The UK internal market benefits all the nations of the UK. The Scottish Government’s own latest figures indicate that 63% of Scotland’s exports are to the rest of the UK, compared with 16% that go to the EU, and for Wales it is 80% compared with 12%. Stakeholders across Wales and Scotland have made it clear that it is vital that we continue to support the smooth working of the UK internal market, and it is therefore essential that no new barriers to living and doing business in the UK are created as we leave the EU.
I thank my right hon. Friend the Chancellor for his answer, and does he agree that leaving the UK single market would pose a far greater risk to the Welsh, Scottish and Northern Ireland economies than leaving the EU single market?
Yes, it is absolutely true that for both Scotland and Wales leaving the UK single market would be far more economically damaging than leaving the European single market, which begs the question why the Scottish National party has advocated so strongly remaining in the European single market and also advocated so strongly breaking up the UK single market.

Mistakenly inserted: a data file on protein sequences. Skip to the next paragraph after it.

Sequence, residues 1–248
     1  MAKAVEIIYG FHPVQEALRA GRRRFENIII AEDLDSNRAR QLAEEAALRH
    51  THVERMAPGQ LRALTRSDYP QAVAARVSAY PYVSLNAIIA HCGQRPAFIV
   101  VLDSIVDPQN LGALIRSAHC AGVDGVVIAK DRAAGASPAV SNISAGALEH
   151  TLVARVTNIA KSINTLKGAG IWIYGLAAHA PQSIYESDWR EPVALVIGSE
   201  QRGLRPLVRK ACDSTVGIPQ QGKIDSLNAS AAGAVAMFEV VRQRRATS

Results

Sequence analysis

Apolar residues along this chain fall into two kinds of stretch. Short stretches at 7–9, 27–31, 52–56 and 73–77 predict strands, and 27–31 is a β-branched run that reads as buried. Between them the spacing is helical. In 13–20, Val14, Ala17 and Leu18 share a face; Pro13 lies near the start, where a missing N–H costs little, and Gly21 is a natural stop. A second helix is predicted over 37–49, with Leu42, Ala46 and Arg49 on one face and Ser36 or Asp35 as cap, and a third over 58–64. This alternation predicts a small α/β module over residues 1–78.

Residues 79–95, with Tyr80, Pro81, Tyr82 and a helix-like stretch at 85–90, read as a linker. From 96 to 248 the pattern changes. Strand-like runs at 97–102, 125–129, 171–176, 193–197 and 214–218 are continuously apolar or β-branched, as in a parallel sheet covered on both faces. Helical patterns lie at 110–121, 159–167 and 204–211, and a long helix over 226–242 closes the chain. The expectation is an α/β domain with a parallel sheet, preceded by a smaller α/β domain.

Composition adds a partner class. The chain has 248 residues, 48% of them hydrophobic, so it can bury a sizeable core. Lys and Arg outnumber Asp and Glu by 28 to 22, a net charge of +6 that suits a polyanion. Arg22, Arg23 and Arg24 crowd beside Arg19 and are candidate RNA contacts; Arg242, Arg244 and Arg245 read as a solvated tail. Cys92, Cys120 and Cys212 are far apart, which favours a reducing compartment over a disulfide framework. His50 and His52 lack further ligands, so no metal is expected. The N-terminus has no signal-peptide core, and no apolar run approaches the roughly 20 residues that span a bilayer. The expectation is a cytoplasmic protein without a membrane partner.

Order. I am not very interested in hearing that, which has nothing to do with Government policy, but I am interested in hearing Wes Streeting. I hope the Chancellor will take note: put very briefly, Chancellor, “Stick to your last—your business, not theirs.”
Thank you, Mr Speaker, that is the nicest thing anyone is likely to say to me today.
The Chancellor rightly extols the benefits of the UK single market, but is not the rank hypocrisy of the Government exposed by listening to the comments of the chief executive of Airbus last night that leaving the European single market would be hugely damaging to the UK economy? We do not have to pick and choose: why will the Chancellor not put a jobs first Brexit at the heart of the Government Brexit strategy and commit to keeping us in the European single market?
The hon. Gentleman will know that I have been arguing for the last year for a jobs-first, prosperity-first Brexit, which means negotiating the closest possible relationship with the EU after we leave that union, and that is what we intend to do.
The contribution of the UK internal market is of course important to the economy of Wales. Under Westminster rule, the economy of London and the south-east of England has steamed ahead while Wales remains one of the poorest nations in western Europe. Will the Chancellor commit to ending this rank inequality by rebalancing the UK internal market to ensure that it is not based on a set of Westminster diktats but is rather a partnership of the four nations of the UK?
Yes, we have identified regional disparity as one of the drivers of low productivity in the UK. Raising the productivity performance, particularly that of our great cities outside London, is key to raising UK’s performance overall.